Cream Tart Number Cake

I love the look of these number cakes (also known as cream tarts or alphabet cakes) that are all over Instagram and was thrilled when my sister asked me to make her one for her 21st Birthday.

While they’re a bit fiddly to make and decorate, I was surprised by how quick they are to make; largely as they take so little time to bake in the oven. I also love how customisable they are – you can use any letters or numbers you choose, pick your decoration colour scheme, and change the flavour of the filling to taste. I went with a traditional almond biscuit with a vanilla custard filling and decorated with strawberries and pink and white flowers, meringues and macarons.

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Ingredients (makes two A3-sized number cakes, serves approx. 20)
Pâte Sablée (biscuit layers)
– 225g butter, room temperature
– ½ cup icing sugar
– 1 egg
– 2¼ cups flour
– 1 cup almond meal
– 1 teaspoon almond essence
– 1 teaspoon vanilla essence

Vanilla Custard Filling
– 6 cups thickened cream
– 3 100g packets Cottee’s Instant Vanilla Pudding mixes
– 1 cup icing sugar
– 3 teaspoons vanilla essence

Other
– Cut out A3 sized numbers (I used a 1 and a 2 stretched to fill an A3 page each in bolded Arial Black font)
– Extra large square silver cake board
– Fresh, pesticide-free flowers
Macarons
– Meringues
– Sugar flowers
– Strawberries (halved)

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  1. To make the biscuit layers, place all pâte sablée ingredients into a food processor and blitz until combined.
  2. Remove the dough from the processor and knead gently for 30 seconds until smooth. Halve the dough, press each into a disc shape, cover in clingfilm and refrigerate for at least 30 minutes.
  3. Pre-heat oven to 180ºC.
  4. Roll one of the pieces of dough between two pieces of baking paper until it’s big enough for your number template (approx. 5-6 mm thick). Carefully cut out the first number from the dough, keeping the excess pieces. Place onto a baking tray lined with baking paper.
  5. Repeat with the same number and the excess dough (remember that you need two of each number).
  6. Bake the two biscuits for 12-15 minutes or until golden brown. Allow to cool completely before VERY gently transferring one of the biscuits onto to the silver cake board and setting the other aside.
  7. Take out the second half of the dough from the refrigerator and repeat steps 4-6 for the second number.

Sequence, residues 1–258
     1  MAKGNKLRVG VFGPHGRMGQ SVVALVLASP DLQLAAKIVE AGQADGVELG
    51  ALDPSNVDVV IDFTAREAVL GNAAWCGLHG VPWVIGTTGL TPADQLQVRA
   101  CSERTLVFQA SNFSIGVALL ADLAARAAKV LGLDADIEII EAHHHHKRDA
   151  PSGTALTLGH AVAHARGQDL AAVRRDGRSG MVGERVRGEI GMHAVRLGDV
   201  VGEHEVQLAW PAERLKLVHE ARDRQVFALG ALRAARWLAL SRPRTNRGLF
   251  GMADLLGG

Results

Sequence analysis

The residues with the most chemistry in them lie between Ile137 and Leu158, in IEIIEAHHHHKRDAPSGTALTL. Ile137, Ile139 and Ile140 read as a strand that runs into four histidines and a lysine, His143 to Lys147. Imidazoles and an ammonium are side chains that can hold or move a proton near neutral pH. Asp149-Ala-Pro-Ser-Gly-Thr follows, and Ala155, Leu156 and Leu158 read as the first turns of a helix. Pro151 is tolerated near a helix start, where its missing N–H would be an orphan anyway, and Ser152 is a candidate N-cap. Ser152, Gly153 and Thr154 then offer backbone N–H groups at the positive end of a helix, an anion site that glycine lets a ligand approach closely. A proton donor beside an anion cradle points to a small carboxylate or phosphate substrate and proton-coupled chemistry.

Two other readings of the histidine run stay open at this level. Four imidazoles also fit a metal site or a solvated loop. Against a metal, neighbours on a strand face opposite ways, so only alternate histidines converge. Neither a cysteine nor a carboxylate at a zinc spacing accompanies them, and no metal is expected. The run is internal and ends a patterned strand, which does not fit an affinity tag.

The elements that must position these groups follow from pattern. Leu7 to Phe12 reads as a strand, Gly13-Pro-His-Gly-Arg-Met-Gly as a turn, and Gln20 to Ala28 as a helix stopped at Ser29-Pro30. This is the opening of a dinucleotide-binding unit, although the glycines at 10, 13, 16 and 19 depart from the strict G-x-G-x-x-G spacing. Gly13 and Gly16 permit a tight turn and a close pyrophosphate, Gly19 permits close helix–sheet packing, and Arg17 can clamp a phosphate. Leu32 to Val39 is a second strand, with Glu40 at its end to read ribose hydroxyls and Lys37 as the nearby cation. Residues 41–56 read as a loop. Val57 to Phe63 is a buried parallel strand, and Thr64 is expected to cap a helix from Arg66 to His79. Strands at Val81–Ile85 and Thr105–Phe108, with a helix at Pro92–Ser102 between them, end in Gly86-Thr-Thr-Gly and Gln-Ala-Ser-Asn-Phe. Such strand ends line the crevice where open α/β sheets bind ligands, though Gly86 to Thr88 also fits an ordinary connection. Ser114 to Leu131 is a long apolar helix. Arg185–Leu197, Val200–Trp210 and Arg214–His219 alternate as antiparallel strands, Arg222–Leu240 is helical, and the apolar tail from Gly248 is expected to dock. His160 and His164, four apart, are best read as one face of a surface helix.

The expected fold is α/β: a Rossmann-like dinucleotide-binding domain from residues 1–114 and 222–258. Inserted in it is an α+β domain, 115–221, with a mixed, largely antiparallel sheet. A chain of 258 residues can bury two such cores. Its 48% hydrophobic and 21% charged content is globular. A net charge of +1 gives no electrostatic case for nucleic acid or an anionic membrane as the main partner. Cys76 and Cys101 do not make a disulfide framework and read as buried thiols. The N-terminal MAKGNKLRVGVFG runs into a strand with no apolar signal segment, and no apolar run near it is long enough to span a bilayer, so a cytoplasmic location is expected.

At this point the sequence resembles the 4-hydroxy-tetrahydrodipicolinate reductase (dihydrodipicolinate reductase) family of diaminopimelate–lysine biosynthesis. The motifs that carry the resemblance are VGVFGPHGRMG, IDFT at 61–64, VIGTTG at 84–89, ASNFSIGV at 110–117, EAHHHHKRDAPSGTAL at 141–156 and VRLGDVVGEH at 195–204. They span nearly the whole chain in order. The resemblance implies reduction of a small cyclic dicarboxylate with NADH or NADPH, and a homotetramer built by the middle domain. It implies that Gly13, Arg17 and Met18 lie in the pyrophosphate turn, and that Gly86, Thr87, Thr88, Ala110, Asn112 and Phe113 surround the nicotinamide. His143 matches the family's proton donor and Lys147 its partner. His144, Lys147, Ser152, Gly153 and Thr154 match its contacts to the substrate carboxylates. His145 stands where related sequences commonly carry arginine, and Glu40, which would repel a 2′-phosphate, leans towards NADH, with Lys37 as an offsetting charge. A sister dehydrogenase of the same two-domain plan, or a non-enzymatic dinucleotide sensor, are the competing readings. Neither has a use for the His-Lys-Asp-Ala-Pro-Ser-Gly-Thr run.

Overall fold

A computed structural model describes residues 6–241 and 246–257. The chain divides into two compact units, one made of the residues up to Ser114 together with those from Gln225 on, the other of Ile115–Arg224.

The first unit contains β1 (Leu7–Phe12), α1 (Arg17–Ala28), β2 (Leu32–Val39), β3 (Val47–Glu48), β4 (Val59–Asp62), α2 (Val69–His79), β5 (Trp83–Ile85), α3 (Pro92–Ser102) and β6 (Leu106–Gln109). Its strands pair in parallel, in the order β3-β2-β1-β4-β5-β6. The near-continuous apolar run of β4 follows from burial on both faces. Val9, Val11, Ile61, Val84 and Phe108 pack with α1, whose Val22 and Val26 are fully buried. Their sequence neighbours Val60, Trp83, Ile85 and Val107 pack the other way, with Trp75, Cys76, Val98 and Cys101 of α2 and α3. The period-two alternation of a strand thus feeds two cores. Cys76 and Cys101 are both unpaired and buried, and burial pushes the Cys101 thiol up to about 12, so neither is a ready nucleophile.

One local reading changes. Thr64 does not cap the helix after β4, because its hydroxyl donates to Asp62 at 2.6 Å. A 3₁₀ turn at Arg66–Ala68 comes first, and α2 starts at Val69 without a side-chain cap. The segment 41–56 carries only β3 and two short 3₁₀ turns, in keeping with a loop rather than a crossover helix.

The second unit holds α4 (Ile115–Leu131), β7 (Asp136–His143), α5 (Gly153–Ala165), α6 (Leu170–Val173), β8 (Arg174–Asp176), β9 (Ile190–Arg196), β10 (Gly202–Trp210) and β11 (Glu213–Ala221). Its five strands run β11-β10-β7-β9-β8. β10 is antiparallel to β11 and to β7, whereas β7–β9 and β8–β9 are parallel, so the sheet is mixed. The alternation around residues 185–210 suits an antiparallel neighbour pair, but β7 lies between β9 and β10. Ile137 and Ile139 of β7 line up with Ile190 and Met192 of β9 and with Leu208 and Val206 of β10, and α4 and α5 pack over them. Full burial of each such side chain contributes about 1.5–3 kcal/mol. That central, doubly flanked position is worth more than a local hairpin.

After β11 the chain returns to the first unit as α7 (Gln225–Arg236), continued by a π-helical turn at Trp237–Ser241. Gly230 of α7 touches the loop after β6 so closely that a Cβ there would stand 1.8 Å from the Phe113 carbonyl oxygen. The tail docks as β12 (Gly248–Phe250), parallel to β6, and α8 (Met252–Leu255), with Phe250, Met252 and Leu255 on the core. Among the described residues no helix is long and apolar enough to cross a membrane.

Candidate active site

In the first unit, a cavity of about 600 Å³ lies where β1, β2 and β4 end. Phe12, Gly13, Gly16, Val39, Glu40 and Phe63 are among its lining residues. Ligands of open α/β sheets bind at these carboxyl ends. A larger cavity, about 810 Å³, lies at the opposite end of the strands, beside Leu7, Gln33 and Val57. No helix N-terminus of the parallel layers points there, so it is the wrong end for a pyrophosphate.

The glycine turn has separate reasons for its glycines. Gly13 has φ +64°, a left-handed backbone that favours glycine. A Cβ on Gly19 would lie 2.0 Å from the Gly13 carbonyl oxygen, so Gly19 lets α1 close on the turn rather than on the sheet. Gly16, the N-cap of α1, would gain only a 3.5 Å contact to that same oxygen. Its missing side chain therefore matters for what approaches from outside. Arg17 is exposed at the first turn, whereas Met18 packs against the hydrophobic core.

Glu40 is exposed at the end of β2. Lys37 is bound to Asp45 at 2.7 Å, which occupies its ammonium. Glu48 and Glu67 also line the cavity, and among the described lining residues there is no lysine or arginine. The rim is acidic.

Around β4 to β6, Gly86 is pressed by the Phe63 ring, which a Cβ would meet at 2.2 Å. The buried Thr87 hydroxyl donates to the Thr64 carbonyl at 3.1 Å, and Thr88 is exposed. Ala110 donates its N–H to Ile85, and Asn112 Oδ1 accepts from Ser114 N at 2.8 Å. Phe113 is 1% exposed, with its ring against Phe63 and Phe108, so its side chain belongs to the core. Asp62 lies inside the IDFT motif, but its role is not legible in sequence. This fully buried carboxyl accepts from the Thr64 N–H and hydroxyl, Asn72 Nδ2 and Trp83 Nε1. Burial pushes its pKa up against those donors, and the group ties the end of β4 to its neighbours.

8. To make the vanilla filling, whip the cream in a large bowl with an electric mixer until peaks form. Alternately add the pudding mix and the icing sugar while beating, until the filling is combined and very thick.
  9. Spoon the filling into a piping bag with a medium-sized round nozzle and pipe even dollops in rows on each number (as below) IMG_9951
  10. Gently sandwich the biscuit pairs on top of the filling and repeat step 9.
  11. Decorate with flowers, macarons and meringues.
  12. Enjoy!

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Notes:

  • The biscuits can be made the day ahead and kept in an airtight container, but don’t pipe the filling or assemble the cake until the day of serving.
  • If any of your biscuits break, don’t panic, simply ‘glue’ the biscuit back together with some of the vanilla filling prior to piping the filling on top and decorating – no-one will ever know!
  • Can be kept in the refrigerator for up to 3 days but the biscuit layers will go soft.

Biscuit recipe adapted from ‘Cream Tart’ recipe on Home Cooking Adventure.com

Vanilla filling recipe adapted from ‘The Best Whipped Cream Frosting’ on Two Sisters Crafting.com

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Grandma’s Scones

Does anything beat scones with jam and cream and tea in the sunshine? (Answer: no).

Scones are very simple to make but tend to be saved for ‘fancy’ occasions like high-tea in my house. Well, no more. I vow to make more of these versatile beauties because, regardless of occasion, there’s something supremely satisfying about a eating a fluffy scone smothered in jam (ideally homemade) and a dollop of whipped cream.

Oh and obviously it’s pronounced scone, rhyming with “John” not “Joan”.

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Ingredients (makes 18)
2 cups self-raising flour (+ extra for dusting)
2 tablespoons butter, melted
1½ tablespoons caster sugar
1 cup milk
1 tablespoon lemon juice
2 eggs

Method
Preheat oven to 230-240°C (210-220°C fan-forced).

Beat eggs together in a small bowl.  Add lemon juice to milk in order to sour it (don’t worry if it gets a bit lumpy).

Sift flour into a large bowl, add sugar and then gently mix in eggs, soured milk and butter until just combined.

Turn dough out onto a lightly floured surface and knead gently until it just comes together. Gently form into a disc 3-4cm thick. Use a 5cm-diameter round cutter dipped in flour to cut out scones (re-flouring between each scone). Arrange scones on a large oven tray lighted dusted with flour.